Manchester is special for me. I went to the same clubs there as my mum did when she was young. Shopped in Affleck’s. Went to a gig at the Arena. Wrote my dissertation on part of it.
A friend was in a record shop when the IRA bomb went off. They were lucky, they were behind a vinyl stand, and the explosion of plate glass windows largely missed them.
Last night someone chose to kill themselves, and in doing so hurt and kill and cause panic and distress, mainly to quite young people, for reasons yet unknown. My first thoughts were for the families, for those who were killed, injured, terrified. For those still wondering where loved ones are. My second thought was anger, and a dark disbelief that someone had done this in Manchester, of all places.
Manchester has a long history of standing up, shouting out, and furthering causes where there is injustice. The first public unveiling of a Suffragette banner happened there. The Free Trade Hall was so called because they managed to stop a stranglehold which was leaving people hungry. The People’s Museum is based there, showing how folk have banded together and fought for rights or expressed opinions over the years. From anti nuclear campaigns back to unions for working men.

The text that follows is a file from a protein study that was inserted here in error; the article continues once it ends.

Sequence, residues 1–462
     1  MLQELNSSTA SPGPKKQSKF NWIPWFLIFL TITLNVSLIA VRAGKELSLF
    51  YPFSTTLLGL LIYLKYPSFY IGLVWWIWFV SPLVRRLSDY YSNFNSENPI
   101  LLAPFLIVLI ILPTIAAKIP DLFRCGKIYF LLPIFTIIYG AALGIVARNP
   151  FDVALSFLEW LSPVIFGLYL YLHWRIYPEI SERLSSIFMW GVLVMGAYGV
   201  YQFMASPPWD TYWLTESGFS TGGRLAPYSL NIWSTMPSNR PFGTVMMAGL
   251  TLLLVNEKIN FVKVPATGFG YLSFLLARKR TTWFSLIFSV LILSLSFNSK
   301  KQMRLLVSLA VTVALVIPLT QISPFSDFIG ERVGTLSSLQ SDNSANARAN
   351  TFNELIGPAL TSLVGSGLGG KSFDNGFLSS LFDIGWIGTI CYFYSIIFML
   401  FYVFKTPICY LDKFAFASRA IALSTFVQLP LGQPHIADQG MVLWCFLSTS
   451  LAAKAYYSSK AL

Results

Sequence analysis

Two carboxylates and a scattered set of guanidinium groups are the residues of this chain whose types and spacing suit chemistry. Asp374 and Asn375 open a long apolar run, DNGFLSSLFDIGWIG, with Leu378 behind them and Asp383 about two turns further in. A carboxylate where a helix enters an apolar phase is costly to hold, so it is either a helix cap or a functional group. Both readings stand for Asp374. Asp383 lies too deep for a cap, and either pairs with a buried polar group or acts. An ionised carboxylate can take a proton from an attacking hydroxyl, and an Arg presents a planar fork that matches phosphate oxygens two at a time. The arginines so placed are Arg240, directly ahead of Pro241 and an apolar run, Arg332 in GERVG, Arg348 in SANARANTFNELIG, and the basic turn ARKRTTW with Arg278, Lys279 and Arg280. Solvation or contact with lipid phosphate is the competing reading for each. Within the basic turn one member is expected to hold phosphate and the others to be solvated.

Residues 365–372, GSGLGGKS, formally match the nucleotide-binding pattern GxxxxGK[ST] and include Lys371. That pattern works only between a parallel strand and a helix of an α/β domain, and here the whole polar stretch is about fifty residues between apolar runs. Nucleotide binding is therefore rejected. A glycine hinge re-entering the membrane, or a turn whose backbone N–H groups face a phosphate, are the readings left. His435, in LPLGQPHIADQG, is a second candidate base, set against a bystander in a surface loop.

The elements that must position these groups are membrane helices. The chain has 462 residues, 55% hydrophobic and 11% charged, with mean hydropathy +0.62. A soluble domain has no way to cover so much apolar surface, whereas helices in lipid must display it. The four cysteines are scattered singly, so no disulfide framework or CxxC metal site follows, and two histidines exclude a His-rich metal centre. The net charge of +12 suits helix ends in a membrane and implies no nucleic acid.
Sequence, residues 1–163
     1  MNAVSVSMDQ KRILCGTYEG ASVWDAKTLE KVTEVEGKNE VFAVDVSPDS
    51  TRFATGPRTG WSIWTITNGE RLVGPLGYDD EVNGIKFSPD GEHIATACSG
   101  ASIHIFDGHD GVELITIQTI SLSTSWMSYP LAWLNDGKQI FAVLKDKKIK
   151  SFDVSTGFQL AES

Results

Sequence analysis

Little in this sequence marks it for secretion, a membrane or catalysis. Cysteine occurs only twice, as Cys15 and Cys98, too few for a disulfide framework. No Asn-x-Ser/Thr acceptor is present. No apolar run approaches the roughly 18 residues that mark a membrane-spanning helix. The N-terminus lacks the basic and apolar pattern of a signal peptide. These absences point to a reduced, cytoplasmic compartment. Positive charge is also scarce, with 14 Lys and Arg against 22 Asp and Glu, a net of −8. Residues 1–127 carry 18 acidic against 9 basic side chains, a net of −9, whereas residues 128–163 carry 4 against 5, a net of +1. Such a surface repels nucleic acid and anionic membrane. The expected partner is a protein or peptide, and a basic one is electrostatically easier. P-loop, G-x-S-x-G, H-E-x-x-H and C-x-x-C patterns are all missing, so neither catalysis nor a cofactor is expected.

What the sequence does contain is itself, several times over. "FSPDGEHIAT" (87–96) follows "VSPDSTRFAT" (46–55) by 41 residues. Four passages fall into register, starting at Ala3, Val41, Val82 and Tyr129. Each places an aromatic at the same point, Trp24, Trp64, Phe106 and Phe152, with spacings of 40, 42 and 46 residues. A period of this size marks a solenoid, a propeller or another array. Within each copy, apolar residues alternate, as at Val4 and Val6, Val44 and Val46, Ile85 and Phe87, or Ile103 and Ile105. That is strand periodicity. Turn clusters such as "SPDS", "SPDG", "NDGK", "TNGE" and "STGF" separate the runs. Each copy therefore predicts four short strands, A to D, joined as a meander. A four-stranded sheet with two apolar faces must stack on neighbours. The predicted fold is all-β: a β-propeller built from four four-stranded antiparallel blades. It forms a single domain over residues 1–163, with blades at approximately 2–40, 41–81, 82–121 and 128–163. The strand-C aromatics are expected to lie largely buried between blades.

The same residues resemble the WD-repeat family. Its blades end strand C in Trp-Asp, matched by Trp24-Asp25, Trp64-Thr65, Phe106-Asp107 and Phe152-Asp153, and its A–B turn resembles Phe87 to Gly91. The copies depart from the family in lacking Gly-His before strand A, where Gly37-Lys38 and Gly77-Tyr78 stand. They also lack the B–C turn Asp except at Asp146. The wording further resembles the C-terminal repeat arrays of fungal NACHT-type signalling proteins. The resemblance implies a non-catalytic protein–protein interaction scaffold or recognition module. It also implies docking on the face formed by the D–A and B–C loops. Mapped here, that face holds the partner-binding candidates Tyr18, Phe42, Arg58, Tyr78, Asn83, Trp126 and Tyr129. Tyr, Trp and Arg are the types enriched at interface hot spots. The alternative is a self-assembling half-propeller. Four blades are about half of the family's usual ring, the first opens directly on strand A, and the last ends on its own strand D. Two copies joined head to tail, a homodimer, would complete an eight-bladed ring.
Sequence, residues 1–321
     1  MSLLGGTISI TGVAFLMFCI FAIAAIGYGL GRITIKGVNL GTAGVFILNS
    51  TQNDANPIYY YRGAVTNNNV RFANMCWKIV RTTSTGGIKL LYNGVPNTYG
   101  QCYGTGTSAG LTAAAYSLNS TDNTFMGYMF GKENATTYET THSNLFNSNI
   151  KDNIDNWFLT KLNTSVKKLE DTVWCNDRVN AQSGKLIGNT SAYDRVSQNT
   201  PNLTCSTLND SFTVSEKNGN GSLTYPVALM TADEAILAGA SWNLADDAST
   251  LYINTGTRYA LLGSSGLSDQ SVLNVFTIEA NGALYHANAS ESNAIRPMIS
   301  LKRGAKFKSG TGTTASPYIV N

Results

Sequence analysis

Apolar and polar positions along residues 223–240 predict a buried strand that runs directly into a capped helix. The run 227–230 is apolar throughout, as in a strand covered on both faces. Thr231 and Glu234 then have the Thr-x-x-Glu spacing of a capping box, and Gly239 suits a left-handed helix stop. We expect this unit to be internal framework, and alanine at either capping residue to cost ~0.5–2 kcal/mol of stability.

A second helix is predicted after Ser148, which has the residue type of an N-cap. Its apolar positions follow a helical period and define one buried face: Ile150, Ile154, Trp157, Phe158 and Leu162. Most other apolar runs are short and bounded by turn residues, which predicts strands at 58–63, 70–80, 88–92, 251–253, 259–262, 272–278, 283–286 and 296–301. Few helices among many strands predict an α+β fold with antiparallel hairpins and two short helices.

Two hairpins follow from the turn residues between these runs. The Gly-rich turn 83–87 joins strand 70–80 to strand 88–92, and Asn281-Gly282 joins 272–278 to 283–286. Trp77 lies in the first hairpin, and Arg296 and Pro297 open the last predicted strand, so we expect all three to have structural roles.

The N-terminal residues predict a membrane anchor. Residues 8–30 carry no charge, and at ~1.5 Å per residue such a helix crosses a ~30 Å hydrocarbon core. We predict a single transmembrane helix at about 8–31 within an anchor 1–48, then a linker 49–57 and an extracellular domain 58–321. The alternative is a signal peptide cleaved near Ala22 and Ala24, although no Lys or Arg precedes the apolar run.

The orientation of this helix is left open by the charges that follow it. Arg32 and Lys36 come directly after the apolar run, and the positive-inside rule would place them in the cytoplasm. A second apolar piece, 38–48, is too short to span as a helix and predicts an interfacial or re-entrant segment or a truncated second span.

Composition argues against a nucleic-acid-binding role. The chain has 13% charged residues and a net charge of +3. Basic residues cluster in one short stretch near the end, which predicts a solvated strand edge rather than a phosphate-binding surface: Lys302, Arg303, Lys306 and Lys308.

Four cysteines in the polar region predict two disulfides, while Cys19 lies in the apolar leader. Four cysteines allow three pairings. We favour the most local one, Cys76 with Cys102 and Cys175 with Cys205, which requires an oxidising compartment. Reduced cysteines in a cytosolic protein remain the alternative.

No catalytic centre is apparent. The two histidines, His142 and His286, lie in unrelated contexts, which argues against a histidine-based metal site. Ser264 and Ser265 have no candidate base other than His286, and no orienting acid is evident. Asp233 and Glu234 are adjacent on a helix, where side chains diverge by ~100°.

As yet, we don’t know why this bombing took place.
Killing doesn’t further causes.
Killing doesn’t make anyone listen to your message.
Killing doesn’t demonstrate your plight.
If you wanted a lesson in how to be heard, then Manchester could have provided that, had you listened.
They may not have agreed, but you'd have had your chance.
It’s the offer of rooms, lifts, telephone calls and NHS staff attending a conference, offering to help at hospitals which most people are talking about. It’s the tragedy and cowardice of striking out at young people having a good time which people are talking about. Not about the reasons, the bomber.
That should tell you what we think matters.